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Anna V Zarubina, David Neely, Mark E Clark, Carrie E Huisingh, Brian C Samuels, Yuhua Zhang, Gerald McGwin, Cynthia Owsley, Christine A Curcio; Estimating the prevalence of subretinal drusenoid deposits (SDD) among older adults with healthy macula and age-related macular degeneration (AMD) with multimodal imaging. Invest. Ophthalmol. Vis. Sci. 2015;56(7 ):5140.
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© ARVO (1962-2015); The Authors (2016-present)
To assess SDD prevalence among older adults with healthy macula and early and intermediate AMD using multimodal imaging.
651 subjects (1302 eyes) ≥60 years old enrolled in the Alabama Study of Early Age-Related Macular Degeneration (ALSTAR) were assessed using SD-OCT, IR and FAF images, and color fundus photographs. Our strict criteria of SDD required identification on ≥1 en face modality and OCT or on ≥2 en face modalities in the absence of OCT findings. Our expanded criteria of SDD required detection on any imaging modality. Eyes with gradable OCT images were assessed for presence and severity of AMD using the AREDS 9-step scale. The number of subjects excluded from the analysis because of incomplete imaging data was specific to the SDD criteria used. SDD was considered present at the person-level if present even in one eye.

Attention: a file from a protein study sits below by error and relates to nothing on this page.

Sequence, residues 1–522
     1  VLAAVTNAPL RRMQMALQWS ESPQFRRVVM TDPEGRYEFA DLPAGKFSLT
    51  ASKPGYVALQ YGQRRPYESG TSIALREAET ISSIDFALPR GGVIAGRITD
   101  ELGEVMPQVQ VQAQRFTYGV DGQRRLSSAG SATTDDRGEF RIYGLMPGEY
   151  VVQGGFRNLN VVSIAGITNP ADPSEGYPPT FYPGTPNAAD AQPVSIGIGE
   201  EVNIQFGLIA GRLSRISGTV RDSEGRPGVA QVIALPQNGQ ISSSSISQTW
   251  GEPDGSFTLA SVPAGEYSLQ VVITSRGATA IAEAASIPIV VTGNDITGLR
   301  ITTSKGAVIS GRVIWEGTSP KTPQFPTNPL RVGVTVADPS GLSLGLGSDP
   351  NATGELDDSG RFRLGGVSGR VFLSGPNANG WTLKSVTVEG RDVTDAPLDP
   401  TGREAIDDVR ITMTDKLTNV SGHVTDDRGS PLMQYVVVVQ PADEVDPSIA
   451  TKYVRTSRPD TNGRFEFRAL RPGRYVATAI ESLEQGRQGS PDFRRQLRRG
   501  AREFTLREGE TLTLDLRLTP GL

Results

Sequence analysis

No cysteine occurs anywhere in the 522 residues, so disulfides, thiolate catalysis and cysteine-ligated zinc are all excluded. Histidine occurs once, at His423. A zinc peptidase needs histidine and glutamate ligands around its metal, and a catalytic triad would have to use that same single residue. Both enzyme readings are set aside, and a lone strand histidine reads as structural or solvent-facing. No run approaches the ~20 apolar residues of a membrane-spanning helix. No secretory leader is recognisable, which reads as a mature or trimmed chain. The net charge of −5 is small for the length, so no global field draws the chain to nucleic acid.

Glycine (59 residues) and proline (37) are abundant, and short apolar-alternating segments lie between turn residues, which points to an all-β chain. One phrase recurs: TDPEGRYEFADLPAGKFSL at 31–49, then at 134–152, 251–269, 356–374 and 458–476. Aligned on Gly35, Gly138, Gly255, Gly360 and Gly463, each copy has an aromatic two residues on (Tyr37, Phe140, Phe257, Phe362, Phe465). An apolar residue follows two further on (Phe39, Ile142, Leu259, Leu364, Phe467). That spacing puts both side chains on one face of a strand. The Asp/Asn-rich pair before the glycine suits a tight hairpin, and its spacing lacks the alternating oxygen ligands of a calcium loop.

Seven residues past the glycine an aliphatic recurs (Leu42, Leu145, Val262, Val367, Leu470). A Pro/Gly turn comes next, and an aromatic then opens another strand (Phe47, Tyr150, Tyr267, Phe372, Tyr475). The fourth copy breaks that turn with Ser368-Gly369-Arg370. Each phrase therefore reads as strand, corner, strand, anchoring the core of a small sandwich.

Using the strict criteria, overall sample prevalence of SDD was 32% (200/616); of those with SDD 123/200 (62%) were affected in both eyes. Persons with SDD were older than those without SDD (70.1 vs 68.7 yrs, p<0.0003). When stratified by AMD status, SDD prevalence was 53% in AMD subjects and 23% in subjects without AMD (p<0.0001). Among those with early and intermediate AMD, SDD prevalence was 49% and 80% respectively. After age adjustment, those with SDD were 3.5X more likely to have AMD than those without SDD (95% CI 2.4-5.0). Using the expanded criteria, SDD prevalence was 74% (462/622) with 326/462 (70%) affected in both eyes. There was no age difference between subjects with and without SDD, but SDD prevalence was higher among those with AMD compared to those without (85% vs 69%, p<0.0001) and increased with disease severity. After age adjustment, persons with SDD were 2.6X more likely to have AMD compared to those without SDD (95% CI 1.7-4.1).
SDD is prevalent in over 1/2 of persons with early to intermediate AMD, and is present in about 1/4 of older adults with healthy maculae, even by stringent SDD criteria. A broader definition of SDD increases its prevalence but may lead to overestimation. SDD prevalence is strongly associated with AMD presence and severity and increases with age. Consensus on SDD detection methods is recommended to advance our knowledge of this lesion and its clinical and biologic significance.
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